SINGAPORE - Singapore’s third-largest bank UOB reported on Thursday (Feb 25) a 32 per cent plunge in fourth-quarter earnings as it set aside more allowances for bad loans, but like its peers was fairly optimistic about this year's outlook.
Chief executive Wee Ee Cheong said that the pace and strength of economic recovery from the Covid-19 pandemic will be uneven across sectors although vaccines are now available.
But he was upbeat on growth in loans and wealth management fees, as well as lower credit costs.
"Some credit migration is inevitable, but we have made sufficient provisioning and expect to stay profitable and resilient," Mr Wee said in a media briefing on Thursday.
UOB posted a fourth-quarter net profit of $688 million, down from $1 billion a year ago, due to lower net interest income and higher allowances set aside for non-impaired assets.
Its earnings were nonetheless ahead of the $652 million average estimate of six analysts polled by Bloomberg.
The bank’s results wrapped up the earnings season of local lenders, after larger peers DBS and OCBC also saw earnings decline from a year ago.
UOB declared a final dividend of 39 cents a share, down from 55 cents a year ago, to which the scrip dividend scheme will be applied.
Together with the interim dividend of 39 cents, the total dividend for the full year will be 78 cents per share, representing a payout ratio of about 45 per cent. This is in line with the Monetary Authority of Singapore’s guidance for local banks to cap dividends for the 2020 financial year.
Mr Wee said the bank will resume its 50 per cent dividend payout once regulatory caps are lifted.
Annualised earnings per share for the quarter stood at $1.59, down from $2.35 a year ago.
Net interest income slid 8 per cent to $1.51 billion on lower interest rates. Its net interest margin (NIM), a key gauge of profitability for banks, fell 19 basis points to 1.57 per cent.
Mr Lee Wai Fai, the bank’s chief financial officer, expects NIM to stabilise at the current level, with interest rates likely to stay low this year.
Credit costs are expected to ease significantly as the bank has set aside sufficient funds to cushion the possibility of new non-performing assets (NPA) forming this year, he added.
The bank estimates new NPA for the year to be $2 billion or 0.7 per cent of UOB’s portfolio. NPA made up $4.6 billion in the fourth quarter, up from $4.3 billion the previous quarter. The pickup was due to “a few secured, weak customers” identified through the bank’s restructuring taskforce, said UOB.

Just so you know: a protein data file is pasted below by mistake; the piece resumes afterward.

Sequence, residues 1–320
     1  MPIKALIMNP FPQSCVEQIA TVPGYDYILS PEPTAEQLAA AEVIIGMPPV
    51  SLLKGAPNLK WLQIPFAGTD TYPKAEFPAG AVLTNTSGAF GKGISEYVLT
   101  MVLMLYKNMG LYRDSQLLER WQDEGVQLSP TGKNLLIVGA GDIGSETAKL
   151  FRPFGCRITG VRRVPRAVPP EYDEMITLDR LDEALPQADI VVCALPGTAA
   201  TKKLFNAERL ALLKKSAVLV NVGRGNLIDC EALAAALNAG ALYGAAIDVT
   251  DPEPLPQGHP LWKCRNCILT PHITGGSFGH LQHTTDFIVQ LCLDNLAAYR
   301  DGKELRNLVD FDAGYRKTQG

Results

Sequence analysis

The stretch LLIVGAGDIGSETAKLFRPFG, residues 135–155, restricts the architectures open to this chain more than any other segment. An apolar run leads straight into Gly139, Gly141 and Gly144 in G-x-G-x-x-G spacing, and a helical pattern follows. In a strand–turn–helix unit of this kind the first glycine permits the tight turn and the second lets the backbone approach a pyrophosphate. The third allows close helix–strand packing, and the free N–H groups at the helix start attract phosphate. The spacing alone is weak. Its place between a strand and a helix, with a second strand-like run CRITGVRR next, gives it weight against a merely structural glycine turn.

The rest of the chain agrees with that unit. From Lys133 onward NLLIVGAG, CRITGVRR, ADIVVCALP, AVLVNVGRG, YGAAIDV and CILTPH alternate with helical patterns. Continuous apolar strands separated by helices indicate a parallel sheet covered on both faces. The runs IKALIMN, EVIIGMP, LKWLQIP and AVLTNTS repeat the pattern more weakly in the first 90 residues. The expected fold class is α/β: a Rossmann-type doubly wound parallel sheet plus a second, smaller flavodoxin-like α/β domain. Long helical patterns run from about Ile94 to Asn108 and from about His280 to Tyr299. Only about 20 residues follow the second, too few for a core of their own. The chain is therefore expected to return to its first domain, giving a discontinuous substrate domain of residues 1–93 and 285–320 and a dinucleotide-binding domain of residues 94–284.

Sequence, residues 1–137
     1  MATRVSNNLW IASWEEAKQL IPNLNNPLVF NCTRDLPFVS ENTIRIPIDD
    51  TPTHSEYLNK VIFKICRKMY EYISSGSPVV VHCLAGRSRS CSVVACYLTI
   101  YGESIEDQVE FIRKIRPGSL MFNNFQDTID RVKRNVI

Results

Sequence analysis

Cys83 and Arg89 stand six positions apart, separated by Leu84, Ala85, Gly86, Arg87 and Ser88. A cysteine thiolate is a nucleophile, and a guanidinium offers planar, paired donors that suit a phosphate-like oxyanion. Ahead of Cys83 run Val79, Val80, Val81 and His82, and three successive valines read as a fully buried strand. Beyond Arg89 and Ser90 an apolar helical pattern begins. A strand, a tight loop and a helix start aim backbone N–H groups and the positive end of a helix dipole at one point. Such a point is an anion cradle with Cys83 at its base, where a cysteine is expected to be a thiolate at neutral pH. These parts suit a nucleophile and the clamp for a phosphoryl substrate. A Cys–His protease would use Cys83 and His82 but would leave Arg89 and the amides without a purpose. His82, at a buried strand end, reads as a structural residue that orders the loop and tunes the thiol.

Its non-performing loans ratio was 1.6 per cent as at Dec 31, up from 1.5 per cent a year ago.
As for debt holidays, loans under government relief programmes fell from $11 billion in December to $3 billion last month as moratoriums across the group’s markets ended. As at Jan, these loans made up 1 per cent of the bank’s total loans. Most of these comprise loans that have resumed repayment, rather than loans that have turned bad, said Mr Lee.
The bank’s net profit for the full year shrank 33 per cent to $2.91 billion as economies contracted amid the global pandemic with lower margins from benchmark rate cuts and reduced customer activity.
Net fee and commission income fell 2 per cent to $2 billion as consumers spent less on credit cards and there was lower business activity due to travel restrictions. However, wealth and fund management fees improved.
Mr Wee said the bank will rebalance its business to focus on wealth management services. In Singapore, the bank will expand its range of wealth management products and services in its UOB Mighty mobile banking app, added Mr Lee.
UOB shares were up 3.22 per cent to $24.65 on Thursday. DBS gained 1.89 per cent to $26.90, while OCBC rose 2.03 per cent to $11.07.
Experts said banks are likely to see better performance this year amid economic green shoots but some uncertainty remains.
CIMB Private Banking economist Song Seng Wun said there will be higher lending activity if business confidence continues to recover.
Property loans, stock market activity and wealth management services are bright spots for lenders now, he added.
Associate Professor Lawrence Loh from the National University of Singapore Business School noted that banks’ net profits have fallen for a few consecutive quarters: “While being optimistic, we are still in a sensitive phase and there is some uncertainty over whether this has bottomed out.
“Banks are critical nodes in the entire business ecosystem. In other words, what they are going through is a reflection of the broader economy.”